Some Councilors Cry Foul As Obeng Gets Residency Exemption | Off Message

Some Councilors Cry Foul As Obeng Gets Residency Exemption


  • File: Molly Walsh
  • Yaw Obeng
Updated on May 15 at 1:51 p.m.

The Burlington City Council agreed to allow Superintendent of Schools Yaw Obeng to continue living outside of the city — but not before reigniting a lengthy debate about residency requirements.

The council voted 9-3 to extend the residency exemption for Obeng, who settled in South Burlington from Canada when he took the job in 2015. This time the measure extends the residency exemption indefinitely — "as long as Dr. Obeng holds the position of superintendent," according to the resolution.

Some city department heads are required to be Burlington voters, which means they must live in the city. Obeng contended on Monday that his family's suburban setup met the requirements for a "hardship exemption" under city ordinance.

The first vote, when he took the job, triggered controversy as Burlingtonians argued that Obeng should be subject to the same taxes and policies he implements as superintendent. On Monday, some spoke up with similar concerns.

"Any decision he makes should affect his children as well as ours," Mayumi Cornell, a mother of a Burlington student, told the council. "I don't think that's fair."

When the city hired Obeng, then-school board chair Mark Porter wrote a letter to the city council assuring them that Obeng would move to the Queen City in the future. "Dr. Obeng intends to establish his residency in Burlington and to work assiduously on securing his work visa and U.S. Citizenship," Porter wrote in April 2015.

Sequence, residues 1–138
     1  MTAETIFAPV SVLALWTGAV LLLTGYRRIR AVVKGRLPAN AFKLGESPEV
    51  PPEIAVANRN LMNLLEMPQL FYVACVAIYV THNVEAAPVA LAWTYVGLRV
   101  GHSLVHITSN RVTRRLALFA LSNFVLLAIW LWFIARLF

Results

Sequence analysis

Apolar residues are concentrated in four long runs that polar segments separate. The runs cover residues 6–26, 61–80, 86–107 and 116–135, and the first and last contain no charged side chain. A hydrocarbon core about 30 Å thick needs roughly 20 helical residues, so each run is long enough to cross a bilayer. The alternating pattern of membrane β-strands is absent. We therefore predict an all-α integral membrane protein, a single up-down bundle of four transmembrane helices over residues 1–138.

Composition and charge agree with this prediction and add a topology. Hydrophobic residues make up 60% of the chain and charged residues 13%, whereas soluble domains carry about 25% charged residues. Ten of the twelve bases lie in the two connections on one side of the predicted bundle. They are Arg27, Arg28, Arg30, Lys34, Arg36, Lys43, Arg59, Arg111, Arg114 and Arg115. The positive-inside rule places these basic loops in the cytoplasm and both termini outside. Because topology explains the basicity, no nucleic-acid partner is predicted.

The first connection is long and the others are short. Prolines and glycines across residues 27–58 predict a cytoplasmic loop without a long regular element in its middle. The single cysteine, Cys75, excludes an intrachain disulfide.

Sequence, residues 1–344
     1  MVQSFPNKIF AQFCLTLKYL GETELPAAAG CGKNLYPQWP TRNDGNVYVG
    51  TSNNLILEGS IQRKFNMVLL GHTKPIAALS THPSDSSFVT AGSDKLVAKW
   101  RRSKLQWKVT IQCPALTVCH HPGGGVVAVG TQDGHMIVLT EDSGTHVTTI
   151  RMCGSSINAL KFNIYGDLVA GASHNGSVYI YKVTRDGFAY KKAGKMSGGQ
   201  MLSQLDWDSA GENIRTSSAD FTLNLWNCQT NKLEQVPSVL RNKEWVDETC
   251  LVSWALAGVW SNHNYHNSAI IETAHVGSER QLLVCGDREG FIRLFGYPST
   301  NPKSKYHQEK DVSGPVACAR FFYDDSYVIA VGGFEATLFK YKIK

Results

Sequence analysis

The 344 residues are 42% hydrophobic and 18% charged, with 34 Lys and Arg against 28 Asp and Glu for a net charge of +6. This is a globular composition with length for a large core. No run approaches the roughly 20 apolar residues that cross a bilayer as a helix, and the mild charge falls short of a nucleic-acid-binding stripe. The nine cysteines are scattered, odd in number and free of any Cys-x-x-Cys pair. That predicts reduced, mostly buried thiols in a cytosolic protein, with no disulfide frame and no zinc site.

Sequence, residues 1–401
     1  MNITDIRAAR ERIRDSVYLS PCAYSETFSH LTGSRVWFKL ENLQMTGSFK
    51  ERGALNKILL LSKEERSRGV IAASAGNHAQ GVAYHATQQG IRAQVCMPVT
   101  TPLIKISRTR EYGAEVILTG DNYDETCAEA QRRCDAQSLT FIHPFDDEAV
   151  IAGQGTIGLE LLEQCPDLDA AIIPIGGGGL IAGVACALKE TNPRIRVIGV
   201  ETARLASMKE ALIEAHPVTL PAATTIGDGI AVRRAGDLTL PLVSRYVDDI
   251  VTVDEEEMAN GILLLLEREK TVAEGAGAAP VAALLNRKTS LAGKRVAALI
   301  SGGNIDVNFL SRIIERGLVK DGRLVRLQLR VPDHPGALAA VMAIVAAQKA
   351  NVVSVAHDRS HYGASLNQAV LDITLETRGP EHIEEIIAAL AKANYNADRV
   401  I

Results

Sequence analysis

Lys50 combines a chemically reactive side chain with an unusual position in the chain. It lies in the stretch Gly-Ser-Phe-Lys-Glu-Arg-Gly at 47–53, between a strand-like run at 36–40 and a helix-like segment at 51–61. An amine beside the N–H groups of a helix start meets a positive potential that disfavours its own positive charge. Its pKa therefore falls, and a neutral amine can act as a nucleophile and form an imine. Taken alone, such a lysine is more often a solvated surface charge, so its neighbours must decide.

Councilor Joan Shannon (D-South District), who opposed the measure Monday, argued that Obeng did not fulfill the commitment promised in the original 2015 letter.

Obeng said that he did not know about the requirement, or about the email that Porter sent. "I beg your forgiveness around the order of operations," he said to the council.

Councilor Max Tracy (P-Ward 2) also voted against granting the exemption, saying that living in Burlington should not be considered a hardship but "a privilege." "I think there's something to be said for feeling our pleasure and our pain," he said.

Other councilors noted that Obeng's request is one of many such exemptions that the council has approved.

According to Councilor Brian Pine (P-Ward 3), nine of 21 city department heads — including outgoing Community and Economic Development Office director Noelle MacKay, Burlington Electric Department general manager Neale Lunderville and city planner David White — also live outside Burlington.

The mayor’s office on Tuesday issued a clarification to Pine’s comment, saying only 16 department heads are required to live in the city. Of those, five — including Obeng — have hardship exemptions to live elsewhere.

School board chair Clare Wool wrote a letter in support of Obeng's residency exemption, arguing that Obeng has "a sufficient connection to the community to be able to be fully aware of its needs and also to be rapidly responsive."

In the end, councilors emphasized the need to support the schools, especially to promote reconciliation in the weeks following an investigation into possible racism on the school board, a contentious preschool building plan and a nearly 8 percent budget increase that voters approved in March. Earlier this year, the council approved another three-year contract for Obeng.

"I strongly believe this would ... send us right back into turmoil and uncertainty," Councilor Jane Knodell (P-Central District) said of a vote against the exemption. "It would do nothing good."

Corrections, May 15, 2018: A previous version of this story did not accurately characterize Joan Shannon's objection and misstated the number of department heads that must live in the city.